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Training Your Sugar Glider
Training Your Sugar Glider and tips on Bonding

Training Your Sugar Glider and tips on Bonding

TRAINING YOUR SUGAR GLIDER and BONDING WITH YOUR SUGAR GLIDER will truly enrich both your lives!  I hope these tips work for you, they sure worked for me!

Training and Bonding your sugar glider should go hand in hand.  I wouldn’t attempt any sort of training until your sugar glider is bonded to you, but at the same time, training can help the bond you have with your sugar glider.  So the two do go hand in hand.  While many people do not realize it, when you are going through the bonding process, you are in affect training your sugar glider.  You are teaching them that you are safe and the provider of treats, that this spot (pouch/bra/whatever) is where they should go, the hand is a friend and not a predator.

I want to repeat here what I wrote on my “Basic Care” for Sugar Gliders page (with some changes):
What is needed to bond with and train your sugar glider?  Here is my best advice to start:
PATIENCE! Did I mention patience is needed in this area? There are as many different techniques in the  area of training and bonding with sugar gliders as there are people. And not every technique will work on every sugar glider. They are individuals after all! But you do need to learn your sugar gliders' language and respect how he feels. Don't ever push trying to be friends. Take it slow! It may take weeks, months, or even years to develop trust.   And you MUST develop trust to bond with your sugar glider, that is what THE BOND is all about, trust.  For training, if there is no trust, you will not be able to effectively train your sugar glider.
 So remember these 10 key points:
1. patience
2. consistency (this builds trust, they know what to expect)
3. learn their language and when they say "bug off" leave them be
4. look at number 1 again
5. be a provider of good things, such as food, gentle messages, soft voice and for loud smells!
6. may sound funny but it works...think good safe calm thoughts when handling them. But don't try to "project" anything
7. did I mention patience?
8. respect their feelings and WHO they are (look at number 3 again) learn to think like they do
9. you must have “true love” for them (see below)
10. did I mention PATIENCE???

I have trained multiple types of animals and this works. My girls also respond to a few commands. Such as their names, "stand" and "wait", and "jump". "Training" is good as it increases intelligence as well as develops a "partnership" feeling between you. This will help with bonding also. It did with my Gizmo.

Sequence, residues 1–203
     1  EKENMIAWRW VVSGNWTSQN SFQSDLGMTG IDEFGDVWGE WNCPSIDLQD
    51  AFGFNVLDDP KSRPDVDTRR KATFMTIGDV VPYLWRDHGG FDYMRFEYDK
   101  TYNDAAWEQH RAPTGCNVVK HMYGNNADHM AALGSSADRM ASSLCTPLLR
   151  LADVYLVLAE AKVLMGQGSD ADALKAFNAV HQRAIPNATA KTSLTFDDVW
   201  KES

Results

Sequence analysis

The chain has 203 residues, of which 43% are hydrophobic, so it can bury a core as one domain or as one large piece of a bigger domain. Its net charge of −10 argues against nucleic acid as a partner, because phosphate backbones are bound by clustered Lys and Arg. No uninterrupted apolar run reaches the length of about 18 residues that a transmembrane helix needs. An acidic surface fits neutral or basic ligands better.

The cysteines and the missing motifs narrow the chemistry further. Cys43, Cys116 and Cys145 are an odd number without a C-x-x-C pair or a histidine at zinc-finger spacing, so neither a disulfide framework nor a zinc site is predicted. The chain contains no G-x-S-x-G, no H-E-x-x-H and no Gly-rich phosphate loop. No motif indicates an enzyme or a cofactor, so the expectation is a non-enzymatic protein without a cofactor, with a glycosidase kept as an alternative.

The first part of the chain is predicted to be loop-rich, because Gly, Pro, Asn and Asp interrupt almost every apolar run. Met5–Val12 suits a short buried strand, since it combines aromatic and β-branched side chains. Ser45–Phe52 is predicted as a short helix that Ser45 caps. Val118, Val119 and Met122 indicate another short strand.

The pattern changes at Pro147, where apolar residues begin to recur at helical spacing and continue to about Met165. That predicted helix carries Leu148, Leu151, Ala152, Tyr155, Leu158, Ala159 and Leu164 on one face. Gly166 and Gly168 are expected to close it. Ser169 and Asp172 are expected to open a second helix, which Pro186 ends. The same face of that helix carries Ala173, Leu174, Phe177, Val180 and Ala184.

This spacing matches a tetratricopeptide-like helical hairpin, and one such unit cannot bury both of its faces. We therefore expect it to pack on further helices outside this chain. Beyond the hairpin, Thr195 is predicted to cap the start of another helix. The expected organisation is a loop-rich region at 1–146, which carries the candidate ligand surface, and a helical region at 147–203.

Another important item to remember when training your sugar glider, you should never ask them to do anything that is not a “natural” action or behavior.  Training works best when you are reinforcing natural behavior to be performed on cue.

You also need to remember that not every sugar glider will respond to training.  Training any animal, but especially ones with stronger wild instincts (read the “fear factor” article) is like baking.  You may have all the ingredients (animal, trainer, treats, etc) but if not put together in the right amounts or in the right order, you will not have a successful result.  Not every sugar glider can be trained, and not every person is capable of training a sugar glider, no matter how much they do what is right, it just may not work.  And then there is the problem of consistency.  And time.  How consistent are you? Do you devote enough time?  Just how patient are you?  Some sugar gliders learn quickly, some take longer.  My husband’s sugar glider is a quick learner, but since my husband doesn’t spend enough time on training an isn’t very consistent, it takes longer to teach his sugar glider something (if at all).  And once a sugar glider IS trained. You need to keep at it.  Every other day or so, at least a few times a week, you still should go through your routine to keep it all fresh.  

Very important when training your sugar glider (as well as when going through the bonding process) NEVER hit or reprimand your sugar glider!!!  Doing so will only cause them to fear you!  And it will take a very long time to undo that fear, if ever.

 Remember when I said to “learn their language”?  When a sugar glider doesn’t like what another sugar glider is doing, they either give them a squeeze with their teeth (it’s not a “bite” just a “squeeze”) or make a “psssst” type of sound (not the “crabbing” an angry or scared sugar glider makes).  We certainly cannot give them a squeeze with our teeth, and I would NEVER try to do so with any other means either, the best way to tell them they have done something wrong is with the “pssst” sound.  There should never be a time to do this during “training”.  If you are trying to teach them something and they do not do it correctly, there should NOT be any discipline, just redirect them and try again.  The “pssst” should ONLY be used if they BITE you or are about to touch or bite something that is harmful to them.  Using it in any other context could be greatly misunderstood by the sugar glider and have results you do not want.  Even when used when they bite you, it MUST be done AS THEY ARE BITING, not after as they will not know why you are doing it.